Israel’s outgoing US Ambassador Michael Oren has one piece of advice for successor Ron Dermer: Get an exercise machine.

Stay in shape? That’s the sage wisdom from a man who has served in Washington for four-and-a-half years, during an extremely turbulent period both in the Middle East and in the US-Israel relationship? What has Oren become, a personal trainer? Who does he think he is, Jane Fonda? But still, there is a degree of acumen in his words.

“This is a 24/7 job that is physically and emotionally very demanding,” the ambassador says in an hour-plus cellphone interview Sunday conducted from his car in Washington. The interview was broken up once by a two-hour meeting Oren attended in the middle, and a second time by a far shorter interruption due to the absence of phone reception under a Washington bridge.

“One of the ways I’ve dealt with the stress is staying in the gym,” he says.

Good thing – because the job, by definition, is extremely stressful.

And what better way to deal with all that stress – Jerusalem pulling one way, Washington the other; the media hounding, Israel bashers bashing, American Jews fretting – than to pump some iron. Or, in Oren’s case, hit the river.

“I’m still an oarsman,” he says. “I was an oarsman in the [1977] Maccabiah [where he won two gold medals]. I’ll go out to the river for an hour and row hard.”

But paddling in the Potomac River is nothing compared to the heavy rowing he has had to do in his formal capacity as Israel’s ambassador to Washington since the summer of 2009. Some envoys, such as Itamar Rabinovich and Sallai Meridor, were blessed to serve in Washington when the US president and the Israeli prime minister saw things pretty much eye-to-eye, as was the case with Bill Clinton and Yitzhak Rabin, and George W. Bush and Ehud Olmert.

Such was not Oren’s luck. Rather, his lot was to be a key middleman in an often fraught relationship between the man who sent him to Washington, Prime Minister Binyamin Netanyahu, and US President Barack Obama. To hear Oren tell it, it wasn’t really all that bad; the US-Israel relationship during this time – despite what you might have heard – was never in crisis. But, then again, Oren is a diplomat, and he rows hard, very hard.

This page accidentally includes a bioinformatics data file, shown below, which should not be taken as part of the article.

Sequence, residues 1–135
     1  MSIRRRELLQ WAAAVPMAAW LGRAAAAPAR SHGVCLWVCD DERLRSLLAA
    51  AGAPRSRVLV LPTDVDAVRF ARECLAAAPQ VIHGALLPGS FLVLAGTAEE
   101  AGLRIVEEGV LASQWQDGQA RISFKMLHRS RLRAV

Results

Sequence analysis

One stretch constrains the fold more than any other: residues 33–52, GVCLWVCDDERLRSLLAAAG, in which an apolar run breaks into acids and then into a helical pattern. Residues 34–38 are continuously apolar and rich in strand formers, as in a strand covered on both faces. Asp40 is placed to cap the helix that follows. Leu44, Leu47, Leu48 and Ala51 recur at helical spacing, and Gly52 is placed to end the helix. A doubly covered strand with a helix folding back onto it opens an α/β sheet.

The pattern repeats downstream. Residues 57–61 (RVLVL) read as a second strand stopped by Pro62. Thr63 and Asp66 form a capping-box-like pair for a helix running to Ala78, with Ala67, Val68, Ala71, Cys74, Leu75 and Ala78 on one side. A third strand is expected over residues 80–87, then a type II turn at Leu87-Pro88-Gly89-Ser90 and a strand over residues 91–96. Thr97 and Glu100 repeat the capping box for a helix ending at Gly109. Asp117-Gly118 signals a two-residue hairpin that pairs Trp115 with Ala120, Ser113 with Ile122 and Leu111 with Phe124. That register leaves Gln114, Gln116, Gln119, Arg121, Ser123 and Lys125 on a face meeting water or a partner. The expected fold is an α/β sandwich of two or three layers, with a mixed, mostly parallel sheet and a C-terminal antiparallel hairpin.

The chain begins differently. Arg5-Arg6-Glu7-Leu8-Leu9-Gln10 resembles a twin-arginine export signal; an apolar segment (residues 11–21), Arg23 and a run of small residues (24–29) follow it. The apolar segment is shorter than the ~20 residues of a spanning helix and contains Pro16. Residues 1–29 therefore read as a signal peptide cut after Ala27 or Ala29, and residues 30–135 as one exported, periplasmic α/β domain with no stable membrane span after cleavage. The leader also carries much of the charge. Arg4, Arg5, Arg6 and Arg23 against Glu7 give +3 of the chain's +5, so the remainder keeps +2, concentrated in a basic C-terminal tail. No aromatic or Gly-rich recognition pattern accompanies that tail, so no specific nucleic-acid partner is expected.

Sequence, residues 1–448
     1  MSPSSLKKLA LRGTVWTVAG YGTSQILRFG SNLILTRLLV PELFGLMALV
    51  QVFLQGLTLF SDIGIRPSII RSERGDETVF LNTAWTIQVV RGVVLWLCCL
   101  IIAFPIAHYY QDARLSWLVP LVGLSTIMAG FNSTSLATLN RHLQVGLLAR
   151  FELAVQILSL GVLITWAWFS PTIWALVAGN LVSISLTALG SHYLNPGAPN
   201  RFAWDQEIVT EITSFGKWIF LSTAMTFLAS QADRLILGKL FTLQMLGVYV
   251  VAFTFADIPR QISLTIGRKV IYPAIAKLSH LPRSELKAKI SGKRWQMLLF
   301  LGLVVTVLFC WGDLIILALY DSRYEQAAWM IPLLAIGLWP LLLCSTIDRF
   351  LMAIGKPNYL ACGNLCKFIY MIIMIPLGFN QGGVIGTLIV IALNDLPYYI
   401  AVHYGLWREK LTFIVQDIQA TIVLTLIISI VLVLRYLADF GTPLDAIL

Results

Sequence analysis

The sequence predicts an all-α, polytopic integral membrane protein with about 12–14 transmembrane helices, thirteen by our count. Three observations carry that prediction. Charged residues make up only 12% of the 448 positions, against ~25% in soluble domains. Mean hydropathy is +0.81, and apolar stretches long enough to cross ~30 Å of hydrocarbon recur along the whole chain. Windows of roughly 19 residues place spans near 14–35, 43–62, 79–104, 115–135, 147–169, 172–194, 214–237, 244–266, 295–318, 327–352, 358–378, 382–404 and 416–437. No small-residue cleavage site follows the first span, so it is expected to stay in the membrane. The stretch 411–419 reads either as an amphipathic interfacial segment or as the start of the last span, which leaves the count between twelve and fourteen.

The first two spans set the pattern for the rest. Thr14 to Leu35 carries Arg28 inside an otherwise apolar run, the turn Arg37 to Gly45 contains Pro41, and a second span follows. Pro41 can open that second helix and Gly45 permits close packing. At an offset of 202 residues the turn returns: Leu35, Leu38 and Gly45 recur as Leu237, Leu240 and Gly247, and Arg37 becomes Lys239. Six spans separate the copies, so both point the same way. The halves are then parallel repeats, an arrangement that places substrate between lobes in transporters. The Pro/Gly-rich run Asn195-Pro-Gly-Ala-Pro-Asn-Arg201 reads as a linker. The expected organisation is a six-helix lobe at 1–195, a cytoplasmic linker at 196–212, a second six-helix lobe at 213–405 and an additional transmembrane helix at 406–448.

What follows are excerpts of his parting interview with The Jerusalem Post.

What role have you played during the Syrian crisis?


I’ve been very busy, day and often night. First of all, our role has been informational – finding out the administration’s position, the position of the leaders of both houses of Congress in both parties, getting a sense of American public opinion, gauging the directions taken by the American Jewish community… and then conveying Israel’s perspectives back to those same actors.

When you were asked what Israel wants in Syria, what did you say?

It depends at what point. This is an issue than has gone on for several weeks now, and it has gone through some rather dramatic transformations since it started.

Initially, we were keeping a very low profile; I haven’t appeared in the press for a few weeks, with the exception of very carefully crafted and calibrated messages. The initial message about the Syrian issue was that we always wanted [Syrian President] Bashar Assad to go, we always preferred the bad guys who weren’t backed by Iran to the bad guys who were backed by Iran.

Even if those bad guys are al-Qaida or [Jabhat] al-Nusra?

We understand that they are pretty bad guys. Not everyone in the opposition is a bad guy. Still, the greatest danger to Israel was by the strategic arc that extends from Tehran to Damascus, to Beirut.